St Tudno’s Well
The Great Orme, Y Gogarth, that iconic limestone outcrop that defines Llandudno has been a centre of population and industry for thousands of years. Copper mining was been carried out here during the Bronze Age, It was later occupied by the Romans, and it was here in the seventh century that Tudno founded his church. In the medieval period it was home to a farming community and later the mines were reopened and once again Llandudno became a source of copper.
A small cave, little more than seven feet square, but with its own spring of fresh water, looking out to sea on the north coast of the Orme is reputed to have been Tudno’s cell; and his church remains, high above this point still isolated from any present day habitation.
Tudno was a Welshman, supposed to have been son of a King of Maes Gwyddino, lands that were flooded and lost in the sixth century and now lie under the sea in Cardigan Bay. On losing their lands he and his brothers took refuge and became monks at the great monastery at Bangor on Dee, and when that was destroyed by the Saxons Tudno, who survived the massacre, fled to form his cell at what has now become known as Llandudno.
The Great Orme was attractive for settlement throughout history as it has a number of strong fresh water springs scattered across it. These would have been invaluable in the mining process as well as providing water to early residents on the hillside. Close to Tudno’s church is Ffynnon Rufeining which can be translated as the Roman’s Well and close to which Roman coins have been found. Another well, some hundred yards from Tudno’s church became known and visited as St Tudno’s Well.
Llandudno, as it is known today, sprang up, with rapid development, in the mid Victorian period in the age when the advent of rail travel led to an explosion in the development of seaside resorts. The town became fashionable and grew rapidly, linking the former isolated settlements that existed around both the Great and Little Ormes. As the town developed the springs on the Orme were looked to for a ready source of fresh water. In around 1860 a reservoir was dug, the remains of which though now dry can still be seen to the east of St Tudno’s church. A number of springs were diverted to feed this, whilst water from others were piped directly down to the town.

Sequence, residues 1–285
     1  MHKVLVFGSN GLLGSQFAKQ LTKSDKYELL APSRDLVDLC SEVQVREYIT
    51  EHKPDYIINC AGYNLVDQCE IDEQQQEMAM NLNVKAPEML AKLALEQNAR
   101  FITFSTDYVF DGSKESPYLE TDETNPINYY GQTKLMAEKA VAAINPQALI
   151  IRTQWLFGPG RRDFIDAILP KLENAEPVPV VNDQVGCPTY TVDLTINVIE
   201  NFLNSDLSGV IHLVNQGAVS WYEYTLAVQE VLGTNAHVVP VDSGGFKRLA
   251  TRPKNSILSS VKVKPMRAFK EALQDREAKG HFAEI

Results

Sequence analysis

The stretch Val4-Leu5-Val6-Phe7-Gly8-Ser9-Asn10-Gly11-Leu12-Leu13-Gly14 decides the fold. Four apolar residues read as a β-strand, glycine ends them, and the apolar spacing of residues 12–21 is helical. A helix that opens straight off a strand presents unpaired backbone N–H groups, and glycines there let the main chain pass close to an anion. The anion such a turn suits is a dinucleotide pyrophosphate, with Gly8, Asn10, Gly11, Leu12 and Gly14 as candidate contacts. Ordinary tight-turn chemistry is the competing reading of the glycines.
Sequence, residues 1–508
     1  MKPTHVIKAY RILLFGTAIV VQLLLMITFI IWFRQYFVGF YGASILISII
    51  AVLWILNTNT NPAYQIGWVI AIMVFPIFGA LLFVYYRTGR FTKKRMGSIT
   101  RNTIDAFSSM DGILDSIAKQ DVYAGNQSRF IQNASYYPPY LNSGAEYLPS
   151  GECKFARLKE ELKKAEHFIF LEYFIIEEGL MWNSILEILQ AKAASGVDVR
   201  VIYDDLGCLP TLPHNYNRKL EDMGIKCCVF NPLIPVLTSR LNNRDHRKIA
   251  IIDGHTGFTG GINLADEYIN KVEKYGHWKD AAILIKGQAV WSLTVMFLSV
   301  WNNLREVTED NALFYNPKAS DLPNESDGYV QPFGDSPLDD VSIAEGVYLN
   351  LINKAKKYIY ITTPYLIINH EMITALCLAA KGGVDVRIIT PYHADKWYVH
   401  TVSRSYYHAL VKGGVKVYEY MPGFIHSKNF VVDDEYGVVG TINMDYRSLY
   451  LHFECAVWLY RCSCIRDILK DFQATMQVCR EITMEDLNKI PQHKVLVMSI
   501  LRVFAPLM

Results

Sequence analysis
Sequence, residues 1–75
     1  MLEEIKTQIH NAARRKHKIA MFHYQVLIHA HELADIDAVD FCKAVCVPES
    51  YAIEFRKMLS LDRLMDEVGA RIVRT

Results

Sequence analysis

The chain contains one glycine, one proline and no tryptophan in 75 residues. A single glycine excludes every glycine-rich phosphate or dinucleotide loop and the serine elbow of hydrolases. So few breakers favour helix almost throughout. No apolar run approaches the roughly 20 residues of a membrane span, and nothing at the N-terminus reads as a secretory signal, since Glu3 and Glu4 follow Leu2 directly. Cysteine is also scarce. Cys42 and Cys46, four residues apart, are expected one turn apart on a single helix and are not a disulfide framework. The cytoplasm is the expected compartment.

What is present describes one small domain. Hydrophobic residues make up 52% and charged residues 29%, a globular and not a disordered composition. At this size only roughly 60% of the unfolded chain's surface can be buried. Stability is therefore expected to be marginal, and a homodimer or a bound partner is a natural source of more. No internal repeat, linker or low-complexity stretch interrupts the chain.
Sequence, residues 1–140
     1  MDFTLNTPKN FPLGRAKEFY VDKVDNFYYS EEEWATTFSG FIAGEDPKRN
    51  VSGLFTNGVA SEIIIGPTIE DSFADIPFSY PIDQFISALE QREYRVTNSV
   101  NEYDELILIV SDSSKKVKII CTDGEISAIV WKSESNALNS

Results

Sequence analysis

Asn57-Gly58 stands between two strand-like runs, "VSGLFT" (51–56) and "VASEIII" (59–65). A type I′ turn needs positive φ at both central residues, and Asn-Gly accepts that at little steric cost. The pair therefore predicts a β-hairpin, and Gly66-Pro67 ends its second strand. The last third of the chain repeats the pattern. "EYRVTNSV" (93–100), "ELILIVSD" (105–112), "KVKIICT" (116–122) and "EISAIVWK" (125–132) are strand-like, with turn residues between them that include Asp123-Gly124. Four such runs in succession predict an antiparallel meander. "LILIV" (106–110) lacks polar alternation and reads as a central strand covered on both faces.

A parliamentary Bill was introduced in 1875 to dissolve the existing Llandudno Gas and Water Company and pass its assets to a new Company. This Bill specifically mentions Tudno’s Well. The assets of the old company included
A line of pipe commencing at the Gogarth Springs and terminating at the junction of streets called or known as Church Walls and Abbey Road in Llandudno.
Whilst the new Company were given the rights to
Take, collect, divert and use all or some of the waters called or known as the Gogarth Springs Ffynnon Powell, Ffynnon Tudno, Ffynnon Llety’r Fadon and of the streams and waters which directly or derivatively flow or proceed into or out of the same respectively.
As a result the flow from St Tudno’s Well would have been significantly reduced, leaving us with the small trickle that we see today.
This was described by the Royal Commission on Historical and Ancient Monuments in the 1930s, who observed it
… at the foot of steep ground formed by a small level platform in a hillside falling to the east. The water stands in a square basin, three feet each way, in a cleft cut into the steep slope. The basin has a slightly curved back and is walled on all sides except the east with drystone masonry, 3 ft 6 in high forming a revetment to the slope and capped by a massive limestone slab 3 ft 6 in long and 2 ft wide from to back and 6 in thick. The open side of the pool on the east is approached by a stone flagged passage 3 ft long. Some 9 ft in front of the well on level ground is another small pool 4ft by 2ft contained in a modern brick surround.
The well appears to have retained some local notice into the middle part of the 20th century. Correspondence reported by the Bords in their book Sacred Waters relates to school and Sunday school classes being taken to the well on St Tudno’s Day well into the 1930s or 1940s. at which time it used to be a popular meeting place. The land it lies on was closed off from public access in around 1960.  This is much how the spring appears today. The brick lined trough in front of the well still full of water from the spring and used as a drinking trough for the animals grazing on the land. The current farmer in the 1990s told visitors from the Cymdeithas Ffynhonnau Cymru (Welsh Wells Society) that his cattle preferred the water from St Tudno’s Well to any other. 
Despite its long history, and obvious use as a water source, I have found no description of it being used as a healing well, although undoubtedly it was. It is referred to seldom in the topographical and tourist books of the eighteenth and nineteenth centuries – clearly by that time Llandudno had new excitements to offer.
St Tudno’s feast day is celebrated on 5th June.
Note that Ffynnon Dudno lies on private land and there is no public access to the site. We were fortunate to have the opportunity to visit the well on a very grey, wet and windy day as a part of a group visit organised by the local churches with the permission of the land owner.
 Bord Janet and Colin Bord(1985) Sacred Waters. Palladin